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22 October 2011updated 27 Sep 2015 5:37am

When Clegg supported an EU referendum

The Lib Dem leader was in favour of an in/out referendum before he was against one.

By George Eaton

In a desperate attempt to dissuade Tory MPs from voting in favour of a referendum on EU membership next Monday, William Hague takes to the pages of the Telegraph today. The great eurosceptic writes:

As a Conservative, I want to bring powers back from Europe, as we set out in our election manifesto. But a referendum on Britain’s membership of the EU, especially at this time of profound economic uncertainty, is not the answer.

It’s noteworthy that all three of the main parties are now ordering their MPs to vote against the Commons motion (currently supported by 86 MPs). But here’s an inconvenient truth: one of them previously supported an in/out referendum. In their 2010 election manifesto, the Lib Dems called for a national vote on Britain’s EU membership. Here’s the pledge in full:

The European Union has evolved significantly since the last public vote on membership over thirty years ago. Liberal Democrats therefore remain committed to an in / out referendum the next time a British government signs up for fundamental change in the relationship between the UK and the EU.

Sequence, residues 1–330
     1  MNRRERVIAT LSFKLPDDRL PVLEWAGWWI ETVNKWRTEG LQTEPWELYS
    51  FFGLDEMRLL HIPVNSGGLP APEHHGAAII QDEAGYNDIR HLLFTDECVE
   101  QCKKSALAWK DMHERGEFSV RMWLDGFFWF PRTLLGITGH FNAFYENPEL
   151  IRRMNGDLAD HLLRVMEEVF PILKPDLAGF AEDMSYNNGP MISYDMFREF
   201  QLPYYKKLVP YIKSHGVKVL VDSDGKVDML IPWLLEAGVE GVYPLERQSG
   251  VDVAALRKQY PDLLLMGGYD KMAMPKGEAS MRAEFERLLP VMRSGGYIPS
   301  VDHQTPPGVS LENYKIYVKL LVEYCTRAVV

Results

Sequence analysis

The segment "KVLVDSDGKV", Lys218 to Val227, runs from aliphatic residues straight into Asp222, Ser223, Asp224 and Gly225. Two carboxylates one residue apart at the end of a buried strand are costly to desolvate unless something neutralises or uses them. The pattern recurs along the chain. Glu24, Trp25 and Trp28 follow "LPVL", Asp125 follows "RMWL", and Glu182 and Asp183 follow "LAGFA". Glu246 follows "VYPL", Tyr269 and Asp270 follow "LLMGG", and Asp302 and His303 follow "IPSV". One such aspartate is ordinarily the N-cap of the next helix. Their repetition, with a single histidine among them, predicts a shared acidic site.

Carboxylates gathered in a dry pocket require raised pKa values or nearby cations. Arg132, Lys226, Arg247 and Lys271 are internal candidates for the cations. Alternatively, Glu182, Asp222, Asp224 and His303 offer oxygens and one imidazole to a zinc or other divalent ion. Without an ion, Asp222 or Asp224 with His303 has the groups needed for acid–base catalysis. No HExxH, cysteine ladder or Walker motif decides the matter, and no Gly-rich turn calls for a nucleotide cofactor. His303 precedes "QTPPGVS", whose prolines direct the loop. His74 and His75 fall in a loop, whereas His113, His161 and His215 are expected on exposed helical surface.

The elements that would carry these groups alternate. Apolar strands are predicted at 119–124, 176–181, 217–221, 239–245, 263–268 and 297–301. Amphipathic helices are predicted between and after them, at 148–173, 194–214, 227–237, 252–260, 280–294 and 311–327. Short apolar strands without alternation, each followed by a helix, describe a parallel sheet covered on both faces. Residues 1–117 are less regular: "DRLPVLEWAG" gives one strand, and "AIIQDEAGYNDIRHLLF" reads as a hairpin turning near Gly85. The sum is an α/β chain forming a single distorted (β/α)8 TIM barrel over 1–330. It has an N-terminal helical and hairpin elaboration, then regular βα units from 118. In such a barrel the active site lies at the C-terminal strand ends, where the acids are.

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And here’s the text of the Commons motion:

That this House calls upon the Government to introduce a Bill in the next session of Parliament to provide for the holding of a national referendum on whether the United Kingdom should

(a) remain a member of the European Union on the current terms;

(b) leave the European Union; or

(c) re-negotiate the terms of its membership in order to create a new relationship based on trade and co-operation.

True, the Lib Dem pledge contains a notable caveat (“the next time a British government signs up for fundamental change”) but as the Guardian’s Nicholas Watt notes, that didn’t stop Clegg walking out of the Commons on 26 February 2008 when the then speaker, Michael Martin, refused to call a Lib Dem amendment demanding a referendum. After Ed Davey (then the party’s foreign affairs spokesman) was expelled from the chamber, Clegg said:

I share the dismay of [Ed Davey]. What guidance can [the deputy speaker] give me on how we can secure – if not today, at some point during the remaining stages of the Bill – the opportunity to debate the issue that many members want debated and many members of the public want debated: our future membership of the EU?

Davey’s words were even more striking:

Will the chair reconsider the decision not to select the Liberal Democrat amendment for a referendum on Britain’s membership of the EU? That is the question that goes to the heart of the debate before the House. That is the debate that people want to hear. We are being gagged, Sir.

Like Keynes, the Lib Dems can argue that when the facts change, they change their mind. The holding of a referendum on Britain’s EU membership is not a credible response to the current crisis. But Clegg’s latest U-turn will only increase his reputation for inconsistency.